OPINION

Future Satisfaction Comes From Today’s Customer References

I’m in the middle of doing a Web survey of SAP users to gauge their levels of satisfaction with theirenterprise resource planning vendor, and an interesting dynamic is starting to emerge.

More than any other factor, customer references influenced buyers to choose SAP, quelling their concerns about the potential risks involved in taking that step. In fact, at this point in the survey, 80 percent of respondents said they relied on customer references during the ERP decision-making process.

Admittedly, the 4,500 SAP users who received the e-mail invitation to participate are the party faithful, and their jobs are dependent to a large extent on SAP adoption in their company. Still, the results to this point are fascinating.

Following are some preliminary results from the survey that will eventually be reported in the “SAP Customer Satisfaction Report: 2006.” These are not statistically significant findings, and I am paying for this survey entirely out of my own pocket. SAP is not funding this, and neither is Oracle or any other vendor. I wanted to keep it that way to keep the research agenda, questions and analysis free from any vendor influence.

Love-Hate Relationship

  • A majority of respondents (63 percent) were affiliated with companies that had considered Oracle but then went to SAP for their ERP system. These companies also considered JD Edwards, PeopleSoft, and QAD as well.
  • So far, 26 percent of the survey respondents mention some interest in Oracle’s Fusion. One respondent, however, said that Fusion “will take years to complete and roll out as a stable enterprise platform.”
  • A trait that the majority of satisfied SAP customers have in common is an appreciation for the ERP vendor’s expertise in their specific industries. One respondent said, SAP “knows my business.” The high correlation with future customer satisfaction is fascinating. It indicates that many SAP users are relying more on customer references than any other source of information to set their expectation levels of what SAP will ultimately deliver to them. One wonders if there is a “halo effect” inducing prospects to overlook the negative in favor of the positive once they get solid evidence of performance in their verticals.
  • When asked what they are most dissatisfied with, respondents — so far — are mentioning SAP’s services pricing most often.
  • Evidence of a fascinating behavior is emerging in the responses of the participants. They either love or hate SAP; few are occupying the middle ground, based on their comments. This polarity is underscored by their willingness or unwillingness to recommend SAP. Nearly 30 percent say they definitely would, 24 percent would with reservations and caveats, and 20 percent would not. What this suggests is that the most-satisfied SAP users are responding to the survey; those in the middle level of satisfaction are less likely to participate.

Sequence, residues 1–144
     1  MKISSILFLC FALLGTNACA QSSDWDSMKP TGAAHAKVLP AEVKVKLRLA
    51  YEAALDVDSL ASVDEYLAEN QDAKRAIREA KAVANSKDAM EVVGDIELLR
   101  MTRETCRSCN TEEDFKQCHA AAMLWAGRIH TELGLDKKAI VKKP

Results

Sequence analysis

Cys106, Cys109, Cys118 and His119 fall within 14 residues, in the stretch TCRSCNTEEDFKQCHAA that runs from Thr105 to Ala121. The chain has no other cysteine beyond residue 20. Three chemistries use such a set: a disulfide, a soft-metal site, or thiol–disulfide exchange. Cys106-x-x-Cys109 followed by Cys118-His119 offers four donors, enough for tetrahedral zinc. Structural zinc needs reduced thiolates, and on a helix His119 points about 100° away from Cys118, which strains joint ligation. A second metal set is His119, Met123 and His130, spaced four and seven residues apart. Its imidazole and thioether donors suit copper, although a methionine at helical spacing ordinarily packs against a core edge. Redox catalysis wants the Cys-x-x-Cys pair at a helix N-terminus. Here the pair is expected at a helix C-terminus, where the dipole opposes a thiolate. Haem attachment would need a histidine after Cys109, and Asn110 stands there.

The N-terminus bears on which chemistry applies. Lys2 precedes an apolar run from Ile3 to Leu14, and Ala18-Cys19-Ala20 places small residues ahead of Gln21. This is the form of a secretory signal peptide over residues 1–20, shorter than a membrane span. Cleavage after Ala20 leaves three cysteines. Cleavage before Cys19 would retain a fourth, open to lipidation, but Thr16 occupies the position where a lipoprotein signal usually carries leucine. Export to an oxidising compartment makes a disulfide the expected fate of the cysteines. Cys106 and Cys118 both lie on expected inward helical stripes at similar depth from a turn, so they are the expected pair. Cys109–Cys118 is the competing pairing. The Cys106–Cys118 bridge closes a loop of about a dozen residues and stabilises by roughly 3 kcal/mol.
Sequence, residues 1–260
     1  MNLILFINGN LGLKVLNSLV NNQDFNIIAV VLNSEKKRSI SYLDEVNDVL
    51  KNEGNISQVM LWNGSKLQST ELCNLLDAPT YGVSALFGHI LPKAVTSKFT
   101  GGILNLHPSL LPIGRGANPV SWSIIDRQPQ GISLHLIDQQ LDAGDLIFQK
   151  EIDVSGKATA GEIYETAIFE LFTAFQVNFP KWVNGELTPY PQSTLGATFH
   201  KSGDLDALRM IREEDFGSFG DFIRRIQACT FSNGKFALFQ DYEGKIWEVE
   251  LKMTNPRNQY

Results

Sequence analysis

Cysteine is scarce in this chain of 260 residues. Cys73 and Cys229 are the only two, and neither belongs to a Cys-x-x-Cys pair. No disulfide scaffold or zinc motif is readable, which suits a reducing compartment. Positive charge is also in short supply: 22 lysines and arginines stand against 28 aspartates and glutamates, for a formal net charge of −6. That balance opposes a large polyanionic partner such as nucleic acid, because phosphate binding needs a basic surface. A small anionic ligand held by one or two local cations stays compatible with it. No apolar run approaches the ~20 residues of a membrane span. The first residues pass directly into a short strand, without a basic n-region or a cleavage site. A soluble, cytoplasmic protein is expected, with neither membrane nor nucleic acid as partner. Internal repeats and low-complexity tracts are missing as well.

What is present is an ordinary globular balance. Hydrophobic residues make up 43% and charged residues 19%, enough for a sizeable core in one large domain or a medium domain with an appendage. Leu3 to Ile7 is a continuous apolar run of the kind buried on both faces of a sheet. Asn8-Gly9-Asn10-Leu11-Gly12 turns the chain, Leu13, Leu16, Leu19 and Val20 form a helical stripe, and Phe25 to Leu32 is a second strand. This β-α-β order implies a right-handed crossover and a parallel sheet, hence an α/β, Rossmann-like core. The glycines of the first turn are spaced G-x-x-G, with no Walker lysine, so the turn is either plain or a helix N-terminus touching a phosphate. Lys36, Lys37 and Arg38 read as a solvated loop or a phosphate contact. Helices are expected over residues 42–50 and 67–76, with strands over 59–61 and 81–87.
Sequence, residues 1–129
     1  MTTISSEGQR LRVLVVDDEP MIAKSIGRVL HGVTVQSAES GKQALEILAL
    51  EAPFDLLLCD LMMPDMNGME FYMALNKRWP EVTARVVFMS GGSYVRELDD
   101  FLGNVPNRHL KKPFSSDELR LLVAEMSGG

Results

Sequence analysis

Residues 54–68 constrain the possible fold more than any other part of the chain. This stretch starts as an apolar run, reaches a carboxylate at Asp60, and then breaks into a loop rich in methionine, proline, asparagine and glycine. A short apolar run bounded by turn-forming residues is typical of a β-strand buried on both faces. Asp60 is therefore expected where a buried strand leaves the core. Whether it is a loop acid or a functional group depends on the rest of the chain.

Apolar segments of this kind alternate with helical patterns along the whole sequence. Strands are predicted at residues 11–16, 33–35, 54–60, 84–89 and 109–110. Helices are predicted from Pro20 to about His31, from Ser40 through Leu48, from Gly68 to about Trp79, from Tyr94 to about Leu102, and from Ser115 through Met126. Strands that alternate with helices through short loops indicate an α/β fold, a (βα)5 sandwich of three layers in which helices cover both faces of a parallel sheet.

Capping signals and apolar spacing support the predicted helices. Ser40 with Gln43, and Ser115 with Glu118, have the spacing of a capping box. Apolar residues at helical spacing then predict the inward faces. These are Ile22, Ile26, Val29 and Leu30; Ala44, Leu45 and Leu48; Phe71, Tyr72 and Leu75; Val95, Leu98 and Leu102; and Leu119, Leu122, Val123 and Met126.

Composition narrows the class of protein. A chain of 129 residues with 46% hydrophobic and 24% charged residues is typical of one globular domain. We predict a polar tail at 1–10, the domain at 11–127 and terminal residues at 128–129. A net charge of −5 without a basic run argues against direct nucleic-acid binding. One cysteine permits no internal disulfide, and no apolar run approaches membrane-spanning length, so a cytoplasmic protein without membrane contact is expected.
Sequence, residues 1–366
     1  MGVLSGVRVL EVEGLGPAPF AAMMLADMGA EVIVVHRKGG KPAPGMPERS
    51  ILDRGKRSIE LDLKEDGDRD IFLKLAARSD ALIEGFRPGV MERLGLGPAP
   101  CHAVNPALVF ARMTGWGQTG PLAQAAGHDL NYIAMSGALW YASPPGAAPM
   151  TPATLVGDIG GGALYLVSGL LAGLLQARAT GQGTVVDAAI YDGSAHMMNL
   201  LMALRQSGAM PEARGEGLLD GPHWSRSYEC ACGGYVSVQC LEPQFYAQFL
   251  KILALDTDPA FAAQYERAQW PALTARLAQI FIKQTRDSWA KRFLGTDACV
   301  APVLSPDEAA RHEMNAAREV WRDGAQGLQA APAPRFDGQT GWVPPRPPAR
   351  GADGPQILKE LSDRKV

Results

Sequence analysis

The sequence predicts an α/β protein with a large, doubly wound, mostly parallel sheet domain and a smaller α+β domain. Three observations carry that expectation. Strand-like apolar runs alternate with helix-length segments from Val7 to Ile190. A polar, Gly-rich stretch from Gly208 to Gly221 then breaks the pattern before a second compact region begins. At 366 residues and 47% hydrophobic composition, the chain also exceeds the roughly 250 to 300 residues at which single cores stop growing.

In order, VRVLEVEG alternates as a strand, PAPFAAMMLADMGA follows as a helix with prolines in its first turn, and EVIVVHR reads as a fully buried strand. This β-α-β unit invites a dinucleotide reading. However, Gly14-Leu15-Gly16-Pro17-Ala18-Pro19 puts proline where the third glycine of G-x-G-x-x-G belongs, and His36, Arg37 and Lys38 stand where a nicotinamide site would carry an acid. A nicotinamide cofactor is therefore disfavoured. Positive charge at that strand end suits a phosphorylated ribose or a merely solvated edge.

• Asked what they would change about SAP, the majority of respondents to date say they would like a revamped user interface. That’s no surprise, as the majority of respondents are on an R/3 system.
  • There is a higher-than-average level of interest in NetWeaver (53 percent) among the respondents at the present time. None of the them have yet said they are not interested in NetWeaver; however, a few respondents have opted out of this question. That seems to point out the need for even more education about NetWeaver overall.
  • When one starts looking at what is driving SAP satisfaction levels, user references, integration expertise and knowledge of specific verticals, taken together, are cited by more than 90 percent of the most-satisfied customers. User references correlate with the highest satisfaction levels of respondents to this point in the survey.
  • The ability to customize applications doesn’t contribute to over-the-top customer satisfaction — in fact, it seems to relegate customer satisfaction scores to the “somewhat satisfied” category. Perhaps SAP users get an idealized notion of what they can accomplish with application customization through demos and references. As a result, this may be where it is toughest to exceed expectations during SAP rollouts.
  • Another interesting dynamic emerging from the survey results is the fact that among SAP users who considered Oracle, many felt that its integration and product customization expertise was on par, or even better, than SAP’s. Nevertheless, they chose SAP due to more perceived knowledge of specific verticals, as well as more-advantageous licensing and pricing.

There are going to be many more insights gained from this report, as I’ll continue running the Zoomerang survey through February 15th. I felt compelled to write about the interrelationship between customer references and satisfaction, because so many vendors stress the interrelationship between customer references and satisfaction, but they rarely see the results.

In the world of SAP users, references from other companies in the same verticals played a big role in shaping customer expectations and influencing what they were able to accomplish as their rollouts progressed.


Louis Columbus, a CRM Buyer columnist, is a former senior analyst with AMR Research. He is the author of several books on making the most of analyst relationships, including Best Practices in Analyst Relations, which can be downloaded for free.


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